This past Sunday we dropped Chana, Dovid and Tzipora back off in Boston, after 9 days of fun and adventure. As we sort through photos and clean-up toys, I can't help but reflect on a few of wonderful moments we had with the kids.
Dovid the curious.. But why? This was Dovid's signature phrase from the week. At one point we were all sitting around reading through Shel Silverstein's poetry and after *every* poem Dovid would chime in: But why? Oh, to be so curious!
Chana the empathetic. As we were walking down the jetway to board our plane back to Boston Chana made a remarkable statement: Uncle Ben, thanks for the toy. She was referring to the little tchotchke I had given the kids to help keep them occupied in the boarding area. I have to admit, I was taken aback: without even the slightest hint, she was saying thank you. Looking back over the week, Chana displayed this sort of maturity a number of times and we're so proud of her.
Tzipora the actress. No doubt, my niece will have a career in movies should she choose to pursue one. She's able to deliver lines with the kind of drama and flare that seems downright professional. Like the time I asked her how she'd liked camp and she solemnly held her fingers up in an X (don't worry, follow on days were far improved), expressing in one gesture what a heap of words could never accomplish.
My favorite moment, though, came when I called for her to set the table. She was in the other room playing with a now defunct cell phone, pretending to speak French(!) to an acquaintance. When she finally finished the call (and there was certainly no rushing her), she scolded me for my rude behavior: Uncle Ben, I was on the phone with my friend from Paris who had her birthday today! Her tone and words made it clear: was I raised in a barn? Had I no manners or respect for others? How could I do anything but smile.
Chana the artist. Give this girl markers and let her go to work! She colored, she freehand-drew and she experimented with my Ed Emberley books. Next time, I'm going to have to find more time to sit with her and draw. I'm just so proud of her for jumping in and making art.
Dovid the shoe aficionado. Who would have known that a trip to the shoe store would have been so enlightening? I put a new pair of Sketchers on the boy and I asked him to take a test walk. Feh, he would have none of that. Instead, he thoroughly tested the shoes by bounding through the store. It was a joy to watch.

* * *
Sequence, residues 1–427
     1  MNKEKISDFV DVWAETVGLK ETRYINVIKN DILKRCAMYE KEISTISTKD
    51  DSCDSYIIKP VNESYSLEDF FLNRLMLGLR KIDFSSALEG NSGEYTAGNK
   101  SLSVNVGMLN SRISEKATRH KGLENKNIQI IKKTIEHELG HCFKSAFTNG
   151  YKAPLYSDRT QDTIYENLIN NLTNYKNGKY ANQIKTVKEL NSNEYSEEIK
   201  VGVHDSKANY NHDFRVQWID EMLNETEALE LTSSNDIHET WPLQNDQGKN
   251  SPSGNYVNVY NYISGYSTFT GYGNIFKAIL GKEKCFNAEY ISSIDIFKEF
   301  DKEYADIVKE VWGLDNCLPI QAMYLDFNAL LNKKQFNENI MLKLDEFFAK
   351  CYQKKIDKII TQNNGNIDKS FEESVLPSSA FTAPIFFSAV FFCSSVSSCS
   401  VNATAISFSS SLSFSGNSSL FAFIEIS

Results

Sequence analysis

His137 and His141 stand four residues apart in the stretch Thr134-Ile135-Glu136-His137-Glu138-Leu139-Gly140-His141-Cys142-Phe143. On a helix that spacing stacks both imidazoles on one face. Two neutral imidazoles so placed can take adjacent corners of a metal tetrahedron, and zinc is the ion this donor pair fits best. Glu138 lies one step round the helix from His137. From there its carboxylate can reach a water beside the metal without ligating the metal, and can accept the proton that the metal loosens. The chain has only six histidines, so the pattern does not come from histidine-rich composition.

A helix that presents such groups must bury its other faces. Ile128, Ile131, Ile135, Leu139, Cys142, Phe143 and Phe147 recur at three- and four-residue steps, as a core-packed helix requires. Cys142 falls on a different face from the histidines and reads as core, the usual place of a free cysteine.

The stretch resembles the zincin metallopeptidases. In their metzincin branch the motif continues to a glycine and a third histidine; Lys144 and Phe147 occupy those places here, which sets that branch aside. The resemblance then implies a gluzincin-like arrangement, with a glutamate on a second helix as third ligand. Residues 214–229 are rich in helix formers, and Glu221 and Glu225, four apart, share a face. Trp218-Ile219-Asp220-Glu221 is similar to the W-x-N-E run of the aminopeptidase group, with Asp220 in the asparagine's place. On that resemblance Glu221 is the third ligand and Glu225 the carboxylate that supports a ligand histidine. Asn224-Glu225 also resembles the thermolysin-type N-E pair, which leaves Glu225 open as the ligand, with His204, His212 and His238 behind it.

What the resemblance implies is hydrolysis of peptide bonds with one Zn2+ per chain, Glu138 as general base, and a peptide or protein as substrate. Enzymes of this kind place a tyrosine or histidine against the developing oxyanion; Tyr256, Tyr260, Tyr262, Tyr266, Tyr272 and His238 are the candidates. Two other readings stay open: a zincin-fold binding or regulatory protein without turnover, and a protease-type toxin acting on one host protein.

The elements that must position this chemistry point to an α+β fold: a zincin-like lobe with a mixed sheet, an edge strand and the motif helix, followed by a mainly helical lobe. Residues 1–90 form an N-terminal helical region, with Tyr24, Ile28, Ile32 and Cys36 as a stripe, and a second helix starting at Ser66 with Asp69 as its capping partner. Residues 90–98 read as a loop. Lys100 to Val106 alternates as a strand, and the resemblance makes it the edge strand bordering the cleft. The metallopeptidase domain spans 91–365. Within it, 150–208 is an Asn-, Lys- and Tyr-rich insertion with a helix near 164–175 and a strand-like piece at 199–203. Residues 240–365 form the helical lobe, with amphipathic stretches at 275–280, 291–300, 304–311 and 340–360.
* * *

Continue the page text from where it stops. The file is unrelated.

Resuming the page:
And his pride for his new shoes didn't stop there. On the airplane he gave the flight attendant, who just wanted to know his drink order, quite the explanation about his shoes. He explained that his sneakers had the z-strap and memory foam features, and that while his new Shabbos shoes lacked these features, they were still quite comfortable and gave him high jumping abilities. The girls, for their part, also very much liked their new shoes. At some point, it was explained to them that the big puffy soles were like walking on little trampolines. They loved this. I'm sure I never appreciated my shoes as much as they do, and for that I'm sorry.
Tzipora the naturalist. I've already recounted a number of anecdotes about Tzipora's encounter's with nature, but it bears repeating. While camping we found various discarded insect exoskeletons, and it was always Tzipora who was most comfortable handling them. Alas, she didn't always use her powers for good. At one point she picked up the cicada skeleton and placed it on top of the water jug. This of course freaked her brother out, who wanted nothing to do with remains of this creature. Stop torturing your brother, I said, and had her move it to a more out of the way location.
The Comedians. All three kids loved telling jokes. In fact, loved is nowhere near a strong enough word. For them, telling a joke was like performing a verbal magic trick. Did it matter that their entire repertoire consisted of about 4 knock-knock jokes? Not at all. They'd tell and retell the jokes, with wild abandoned. At one point, they asked Shira to teach them some "adult jokes." Using discretion, Shira taught them this gem: Where do pencils go on vacation? Pennsylvania. Their minds were blown, and this became their new favorite joke.
Picture it: we're flying back to Boston and we're sitting in the following arrangement: window, Chana, Me, Dovid, aisle, Shira, Tzipora, stranger, window. At one point, Dovid decides it's time to entertain the stranger on the end of the row next to Tzipora. He yells across the aisle, Shira and his sister: Want to hear a joke? Where do pencils go on vacation?. Said stranger was a good sport and kindly played along. They just loved it. Next year, comedy camp for the whole lot of them.
My gosh the kids are growing up. What a privilege it is to get to witness this!